In fact, historically, sustained periods of economic growth tend to magnify the insecurities and challenges to the reformist leadership -- and create new uncertainty traps. For instance, a rise in expectations among the aspirational middle classes, now increasingly intolerant of any indication of bad governance and macroeconomic downturn, could lead to more incidents of protests and a decline in confidence in state institutions. The result is a beleaguered political leadership, which lacks enough latitude to engage in much-needed policy experimentations.
Moreover, opponents of reform could instrumentalize renewed political uncertainty by engaging in legislative filibustering, stepping up black propaganda against the government, and provoking chaos by feeding popular frustrations with the government.
This is precisely why the Aquino administration urgently needs to demonstrate its ability to push with its reformist agenda while the economy is still posting impressive growth rates. Among the economic sectors in need of urgent upgrade are the electricity sector (vulnerable to oligarchic collusion), agriculture (no meaningful land reform in effect), manufacturing (hammered by cheap imports, high water and electricity cost), and infrastructure (low spending-GDP ratio, with major projects not expected before 2015).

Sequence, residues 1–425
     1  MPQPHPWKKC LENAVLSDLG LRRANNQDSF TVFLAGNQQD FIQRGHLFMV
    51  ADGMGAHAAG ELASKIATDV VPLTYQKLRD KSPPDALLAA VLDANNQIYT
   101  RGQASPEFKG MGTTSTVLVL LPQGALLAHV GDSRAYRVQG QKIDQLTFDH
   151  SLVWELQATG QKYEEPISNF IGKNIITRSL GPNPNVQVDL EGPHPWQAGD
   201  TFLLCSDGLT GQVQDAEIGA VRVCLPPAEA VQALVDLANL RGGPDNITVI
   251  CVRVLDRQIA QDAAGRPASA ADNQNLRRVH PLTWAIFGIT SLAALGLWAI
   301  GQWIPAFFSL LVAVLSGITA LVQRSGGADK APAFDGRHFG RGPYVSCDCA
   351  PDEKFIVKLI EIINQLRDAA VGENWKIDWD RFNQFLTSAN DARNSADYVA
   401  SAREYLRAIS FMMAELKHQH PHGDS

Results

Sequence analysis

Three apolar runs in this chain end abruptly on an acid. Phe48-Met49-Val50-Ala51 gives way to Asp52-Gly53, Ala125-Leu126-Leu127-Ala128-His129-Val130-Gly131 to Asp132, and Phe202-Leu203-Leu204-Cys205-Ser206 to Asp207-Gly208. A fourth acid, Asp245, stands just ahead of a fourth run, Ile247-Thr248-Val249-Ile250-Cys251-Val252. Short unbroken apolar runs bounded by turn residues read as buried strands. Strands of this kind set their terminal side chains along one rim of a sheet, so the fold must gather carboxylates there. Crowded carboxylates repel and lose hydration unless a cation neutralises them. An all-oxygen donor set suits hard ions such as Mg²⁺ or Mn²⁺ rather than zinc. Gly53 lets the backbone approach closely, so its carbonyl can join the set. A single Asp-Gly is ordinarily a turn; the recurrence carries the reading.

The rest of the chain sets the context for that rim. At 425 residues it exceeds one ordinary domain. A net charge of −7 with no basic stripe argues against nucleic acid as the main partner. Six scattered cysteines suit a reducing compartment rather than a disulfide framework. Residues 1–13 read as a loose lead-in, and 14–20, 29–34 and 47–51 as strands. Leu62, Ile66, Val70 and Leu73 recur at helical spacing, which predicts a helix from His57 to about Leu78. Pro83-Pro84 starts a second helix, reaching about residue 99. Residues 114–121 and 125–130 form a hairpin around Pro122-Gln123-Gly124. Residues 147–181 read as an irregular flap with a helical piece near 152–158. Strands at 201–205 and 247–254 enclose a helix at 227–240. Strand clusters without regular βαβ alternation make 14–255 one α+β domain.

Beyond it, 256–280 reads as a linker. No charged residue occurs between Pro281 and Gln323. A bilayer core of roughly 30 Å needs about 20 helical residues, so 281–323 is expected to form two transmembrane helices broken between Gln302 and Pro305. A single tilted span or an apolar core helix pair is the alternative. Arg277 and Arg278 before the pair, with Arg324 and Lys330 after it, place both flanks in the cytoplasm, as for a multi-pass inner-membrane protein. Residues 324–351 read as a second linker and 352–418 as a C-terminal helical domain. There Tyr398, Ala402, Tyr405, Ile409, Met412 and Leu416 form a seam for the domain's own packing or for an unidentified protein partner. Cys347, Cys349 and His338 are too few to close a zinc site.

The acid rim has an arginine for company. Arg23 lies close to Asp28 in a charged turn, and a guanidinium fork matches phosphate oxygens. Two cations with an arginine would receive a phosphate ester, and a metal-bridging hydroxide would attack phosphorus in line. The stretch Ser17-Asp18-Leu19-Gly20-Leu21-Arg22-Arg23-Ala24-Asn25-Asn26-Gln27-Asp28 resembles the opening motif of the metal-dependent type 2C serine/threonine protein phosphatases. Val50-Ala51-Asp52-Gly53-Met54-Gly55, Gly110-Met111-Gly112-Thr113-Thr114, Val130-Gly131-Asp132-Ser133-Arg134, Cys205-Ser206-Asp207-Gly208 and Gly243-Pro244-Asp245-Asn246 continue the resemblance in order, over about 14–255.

Overall, instead of investing its political capital in taking credit for recent macroeconomic gains, the Aquino administration and its successors should instead focus on how to upgrade the economy and institute an effective governance model, which enhances the potentials of both state institutions as well as markets. And yes, this only shows how 21st century policy-making has become even more complicated.